Archive for January, 2009

If I was to bare my guilt ridden soul to the watching world, they would no doubt spot the cherry tomatoes and batons of raw carrot on the middle shelf that were left there by my children. Healthy eating begins at home, and the beginning was fine – they couldn’t speak, didn’t know they had a choice and generally trusted our judgement. But for my seven year old twins that has changed and though we struggle on with vegetable offerings, they are generally declined. I know we’re not alone and that crudités for lunch are enjoyed by but a few children beyond senior infants. But I also know that this is a problem of food culture in Ireland – it’s cultural, not universal and not biological, it doesn’t have to be this way. And thankfully, healthy eating by children is also one negative aspect of our food culture around which there is a huge resolve to change. This week I visited Scoil Náisiúnta an Chroí Naofa in Glounthaune near Cork to get feedback on a new initiative called Taste Buds, from Safefood and ourselves at West Cork LEADER Co-Op. In the process I learned a lot about how a determined school can approach this challenge.

I spoke with Stephen Patterson and Laura Leahy, two teachers from the school who had put a bit of work into evaluating the Taste Buds teaching resource and had given a presentation at its launch in November. Scoil Náisiúnta an Chroí Naofa had worked with the resource developers to pilot the programme in 2007. Taste Buds is a resource for teachers and aims to help children enjoy learning about the origins and production of food and the importance of eating a healthy diet. It consists of eight sessions of about 40 minutes and has extension activities, teachers notes and additional information that really help teachers to work food into their teaching practice.

I found that the first thing I needed to relearn was about how teaching works these days. In my memory of primary school, when we had the maths book open we were doing maths and could expect to have it open for half an hour or so before we opened the science book and so on through English, Irish, history or whatever. Each subject was distinct and linear. But Laura explained to me that she and her colleagues now use a theme based approach that allows them to integrate the 6 subject areas comprising 11 subjects in the primary curriculum. In this way the teacher can hold the child’s interest by digger deeper into a topic, building on what they have already learned and exploring the theme from many aspects. So a theme like the Courtmacsherry whale could be used by a skilful teacher to learn about science, language, art, maths, conflict resolution and so on.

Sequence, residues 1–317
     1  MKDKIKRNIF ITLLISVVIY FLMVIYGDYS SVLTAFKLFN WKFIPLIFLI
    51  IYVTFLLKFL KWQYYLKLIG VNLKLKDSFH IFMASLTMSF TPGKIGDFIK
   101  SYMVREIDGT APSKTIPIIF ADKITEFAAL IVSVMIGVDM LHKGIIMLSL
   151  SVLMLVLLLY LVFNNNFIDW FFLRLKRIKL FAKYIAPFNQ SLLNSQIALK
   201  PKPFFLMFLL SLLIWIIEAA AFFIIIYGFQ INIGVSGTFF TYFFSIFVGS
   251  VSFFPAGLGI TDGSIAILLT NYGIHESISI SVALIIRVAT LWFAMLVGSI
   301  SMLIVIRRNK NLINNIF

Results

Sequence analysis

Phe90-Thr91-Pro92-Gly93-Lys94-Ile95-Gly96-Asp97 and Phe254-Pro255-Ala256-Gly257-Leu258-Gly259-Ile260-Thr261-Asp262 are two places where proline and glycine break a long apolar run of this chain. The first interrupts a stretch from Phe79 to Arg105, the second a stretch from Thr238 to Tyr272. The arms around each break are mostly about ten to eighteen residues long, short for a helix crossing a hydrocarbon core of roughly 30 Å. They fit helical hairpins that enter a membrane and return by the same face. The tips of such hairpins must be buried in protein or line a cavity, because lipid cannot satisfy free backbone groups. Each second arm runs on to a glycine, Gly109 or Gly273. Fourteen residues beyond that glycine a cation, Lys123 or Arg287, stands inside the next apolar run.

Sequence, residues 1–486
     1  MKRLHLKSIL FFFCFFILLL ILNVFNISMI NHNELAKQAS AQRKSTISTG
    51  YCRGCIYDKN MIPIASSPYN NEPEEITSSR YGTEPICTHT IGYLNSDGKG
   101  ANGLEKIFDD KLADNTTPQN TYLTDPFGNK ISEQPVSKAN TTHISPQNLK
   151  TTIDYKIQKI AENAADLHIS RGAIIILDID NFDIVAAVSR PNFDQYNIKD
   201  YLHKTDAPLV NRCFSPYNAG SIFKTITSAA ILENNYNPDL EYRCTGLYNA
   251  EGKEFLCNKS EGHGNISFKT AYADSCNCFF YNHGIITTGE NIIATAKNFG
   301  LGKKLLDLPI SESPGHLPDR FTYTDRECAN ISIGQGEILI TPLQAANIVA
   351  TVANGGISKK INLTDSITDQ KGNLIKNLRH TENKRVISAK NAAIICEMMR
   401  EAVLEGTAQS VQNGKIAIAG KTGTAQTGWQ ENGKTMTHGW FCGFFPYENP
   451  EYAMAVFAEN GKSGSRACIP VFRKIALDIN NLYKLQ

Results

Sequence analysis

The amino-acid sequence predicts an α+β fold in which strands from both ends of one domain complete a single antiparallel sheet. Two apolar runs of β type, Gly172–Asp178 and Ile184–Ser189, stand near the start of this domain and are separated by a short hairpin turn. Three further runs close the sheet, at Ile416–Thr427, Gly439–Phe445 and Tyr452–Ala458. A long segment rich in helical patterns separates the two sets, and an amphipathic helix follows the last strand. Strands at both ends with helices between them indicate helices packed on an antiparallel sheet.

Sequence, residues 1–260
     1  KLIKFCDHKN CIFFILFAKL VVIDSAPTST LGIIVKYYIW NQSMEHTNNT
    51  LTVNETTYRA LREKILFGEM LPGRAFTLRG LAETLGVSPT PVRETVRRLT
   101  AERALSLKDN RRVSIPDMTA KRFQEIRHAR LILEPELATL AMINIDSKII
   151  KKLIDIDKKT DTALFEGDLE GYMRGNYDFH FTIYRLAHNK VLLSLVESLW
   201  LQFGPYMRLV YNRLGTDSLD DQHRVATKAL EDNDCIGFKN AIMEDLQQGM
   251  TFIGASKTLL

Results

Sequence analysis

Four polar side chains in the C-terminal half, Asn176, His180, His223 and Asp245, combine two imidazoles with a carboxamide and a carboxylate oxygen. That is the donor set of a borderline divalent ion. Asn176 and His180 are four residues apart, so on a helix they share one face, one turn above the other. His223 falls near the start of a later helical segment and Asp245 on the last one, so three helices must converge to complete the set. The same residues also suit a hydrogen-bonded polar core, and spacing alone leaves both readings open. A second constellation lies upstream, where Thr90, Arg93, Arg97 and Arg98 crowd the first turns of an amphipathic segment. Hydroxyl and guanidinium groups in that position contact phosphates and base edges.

Food and nutrition is a specific part of the curriculum, being included under the subject area Social, Personal and Health Education. It comes under the strand – Taking Care of My Body but Laura explained that can be woven into various topics. “If we were learning about a country, like France for example, then the kids would be fascinated to learn about what the French eat, it’s part of the culture and they are very curious about other cultures. Then we could pick out a resource pack like Taste Buds and use it to learn more about where our food comes from around the world. It’s very well designed and the multimedia part is very good. The feedback from the children I spoke to was that it was cool and exciting and they related well to the characters. The characters and design are very age appropriate, though it would be good if we could have a younger version too. Tastebuds is best suited for 2nd to 4th class.”

I recall a recent tale from school where one of my daughter’s friends was being repeatedly taunted with “You don’t go to McDonalds!”. So I asked Stephen about the challenge for parents and teachers to encourage healthy eating in the face of peer pressure that is conservative about food and very subject to junk food advertising. “None of these things work in isolation, it has to be a whole school approach. It has to be ongoing and integrated and we can’t force children to eat things they don’t like. This year the fifth class planted potatoes in the school grounds, all these ideas help. Peer pressure can be a problem but if you have a teacher that is enthusiastic about food that will really rub off to the pupils. As teachers we talk to each other constantly, discussing the merits of each programme, sharing resources and planning, especially at the start of the year.”